Retrospective Evaluation of Home Medicines Review by Pharmacists in Older Australian Patients Using the Medication Appropriateness Index
Castelino, RL and Bajorek, BV and Chen, TF, Retrospective Evaluation of Home Medicines Review by Pharmacists in Older Australian Patients Using the Medication Appropriateness Index, The Annals of Pharmacotherapy, 44, (12) pp. 1922-1929. ISSN 1060-0280 (2010) [Refereed Article]
BACKGROUND: Home Medicines Review (HMR), a community-based collaborative
service provided by general practitioners (GPs) and accredited pharmacists
in Australia, has demonstrated effectiveness in preventing, detecting, and
resolving medication-related problems. The Medication Appropriateness Index
(MAI) has been found to be a reliable, valid, standardized instrument for
assessment of multiple elements of drug therapy prescribing.
OBJECTIVE: To retrospectively evaluate the impact of HMRs on the appropriateness
of prescribing, using the MAI as a tool to categorize pharmacists’ recommendations.
METHODS: A retrospective analysis was performed on a sample of 270 HMR
cases pertaining to community-dwelling older people (³65 years) in New South
Wales, Australia. The HMRs were collected from 7 accredited pharmacists using
purposive sampling. All HMRs were conducted between February 2006 and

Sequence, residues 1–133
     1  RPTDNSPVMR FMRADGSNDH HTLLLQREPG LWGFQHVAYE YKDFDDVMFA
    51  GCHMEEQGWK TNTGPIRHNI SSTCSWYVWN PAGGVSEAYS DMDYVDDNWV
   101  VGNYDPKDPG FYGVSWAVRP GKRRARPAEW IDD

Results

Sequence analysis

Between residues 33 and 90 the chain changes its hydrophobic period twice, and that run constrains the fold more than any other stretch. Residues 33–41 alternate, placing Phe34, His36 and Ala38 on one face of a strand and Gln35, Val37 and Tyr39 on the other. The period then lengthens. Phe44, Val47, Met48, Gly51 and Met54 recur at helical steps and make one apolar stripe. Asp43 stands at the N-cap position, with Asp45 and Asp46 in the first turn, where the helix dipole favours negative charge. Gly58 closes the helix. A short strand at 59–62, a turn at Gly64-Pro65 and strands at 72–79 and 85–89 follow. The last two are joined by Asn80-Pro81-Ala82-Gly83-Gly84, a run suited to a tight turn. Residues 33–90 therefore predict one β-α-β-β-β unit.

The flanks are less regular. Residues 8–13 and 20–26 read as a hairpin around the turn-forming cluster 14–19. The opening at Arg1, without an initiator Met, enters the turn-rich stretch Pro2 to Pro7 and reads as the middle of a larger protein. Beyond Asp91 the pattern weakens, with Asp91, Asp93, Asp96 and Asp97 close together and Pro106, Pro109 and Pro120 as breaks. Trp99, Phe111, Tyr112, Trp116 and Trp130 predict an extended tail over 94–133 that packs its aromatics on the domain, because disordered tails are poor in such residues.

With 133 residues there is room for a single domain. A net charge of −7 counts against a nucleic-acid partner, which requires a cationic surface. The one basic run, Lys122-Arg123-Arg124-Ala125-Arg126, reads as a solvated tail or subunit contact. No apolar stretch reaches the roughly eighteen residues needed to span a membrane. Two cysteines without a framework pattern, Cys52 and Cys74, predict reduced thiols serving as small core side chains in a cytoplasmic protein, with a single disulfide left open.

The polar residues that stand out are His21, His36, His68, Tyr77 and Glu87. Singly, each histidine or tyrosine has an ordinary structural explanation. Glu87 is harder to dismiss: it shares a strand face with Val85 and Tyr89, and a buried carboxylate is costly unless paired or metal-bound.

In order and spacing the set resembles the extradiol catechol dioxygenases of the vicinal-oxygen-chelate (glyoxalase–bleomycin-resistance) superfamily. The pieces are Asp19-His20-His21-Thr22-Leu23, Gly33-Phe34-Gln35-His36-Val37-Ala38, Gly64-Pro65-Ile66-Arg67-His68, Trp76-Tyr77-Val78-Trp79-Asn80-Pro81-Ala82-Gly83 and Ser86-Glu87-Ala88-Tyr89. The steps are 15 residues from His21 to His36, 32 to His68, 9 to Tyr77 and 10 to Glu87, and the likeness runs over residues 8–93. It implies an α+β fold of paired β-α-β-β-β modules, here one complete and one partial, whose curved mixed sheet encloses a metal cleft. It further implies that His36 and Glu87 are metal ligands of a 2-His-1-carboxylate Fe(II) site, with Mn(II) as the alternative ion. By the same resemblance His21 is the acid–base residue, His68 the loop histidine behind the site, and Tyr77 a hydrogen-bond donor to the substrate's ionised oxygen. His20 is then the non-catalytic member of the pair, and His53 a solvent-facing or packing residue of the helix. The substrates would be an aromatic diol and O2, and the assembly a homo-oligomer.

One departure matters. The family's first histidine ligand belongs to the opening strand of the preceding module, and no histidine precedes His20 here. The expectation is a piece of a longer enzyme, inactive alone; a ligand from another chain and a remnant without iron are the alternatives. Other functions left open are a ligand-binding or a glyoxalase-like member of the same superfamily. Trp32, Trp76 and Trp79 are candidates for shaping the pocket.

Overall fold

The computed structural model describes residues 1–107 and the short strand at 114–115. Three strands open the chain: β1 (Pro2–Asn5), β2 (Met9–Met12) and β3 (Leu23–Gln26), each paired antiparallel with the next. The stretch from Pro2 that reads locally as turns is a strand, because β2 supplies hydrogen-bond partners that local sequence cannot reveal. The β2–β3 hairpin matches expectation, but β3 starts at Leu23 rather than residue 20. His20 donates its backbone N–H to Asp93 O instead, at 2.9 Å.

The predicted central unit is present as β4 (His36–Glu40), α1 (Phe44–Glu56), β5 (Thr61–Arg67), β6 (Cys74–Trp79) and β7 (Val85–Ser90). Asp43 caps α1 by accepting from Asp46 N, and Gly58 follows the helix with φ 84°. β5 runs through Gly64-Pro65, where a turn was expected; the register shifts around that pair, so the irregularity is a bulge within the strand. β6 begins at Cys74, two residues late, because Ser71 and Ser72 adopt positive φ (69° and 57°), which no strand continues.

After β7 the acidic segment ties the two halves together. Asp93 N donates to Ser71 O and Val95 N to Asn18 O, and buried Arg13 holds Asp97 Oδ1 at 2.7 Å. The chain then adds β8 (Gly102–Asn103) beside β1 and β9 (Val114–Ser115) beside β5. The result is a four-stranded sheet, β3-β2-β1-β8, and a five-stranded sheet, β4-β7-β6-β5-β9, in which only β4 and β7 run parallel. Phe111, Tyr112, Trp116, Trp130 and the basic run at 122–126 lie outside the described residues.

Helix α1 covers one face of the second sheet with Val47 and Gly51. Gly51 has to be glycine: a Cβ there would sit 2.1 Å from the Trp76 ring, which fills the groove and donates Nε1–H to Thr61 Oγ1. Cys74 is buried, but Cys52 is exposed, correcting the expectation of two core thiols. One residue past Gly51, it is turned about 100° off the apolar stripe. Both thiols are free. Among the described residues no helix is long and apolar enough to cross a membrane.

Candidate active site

October 2009. MAI scores were retrospectively calculated at baseline, after the
HMR service based on the pharmacist’s recommendations to the GP, and
following uptake of the pharmacist’s recommendations by the GP.
RESULTS: The mean ± SD age of the patients was 75.3 ± 7.4 years and 55%
were female. Overall, almost all (99%; n = 267) patients had at least 1
inappropriate rating at baseline and more than 50% (n = 154) of the patients had
a cumulative MAI score >15. The mean MAI score at baseline was 18.6 ± 11.3,
which decreased to 9.3 ± 7.5 after HMR. The number of patients with a
cumulative MAI score ²15 increased to 216 after the HMR service, compared to
116 at baseline. Pharmacists’ recommendations documented in the HMR reports
and uptake of these recommendations by the GP resulted in a statistically
significant decrease in the MAI scores (both p < 0.001).
CONCLUSIONS: The study demonstrates that the provision of medication reviews
by accredited pharmacists can improve the appropriateness of prescribing as
demonstrated by the change in MAI score and, hence, has the potential to
improve patient outcomes. Pharmacists who perform medication reviews could
also consider including the systematic approach of applying the MAI to assist in
optimizing prescribing in older people.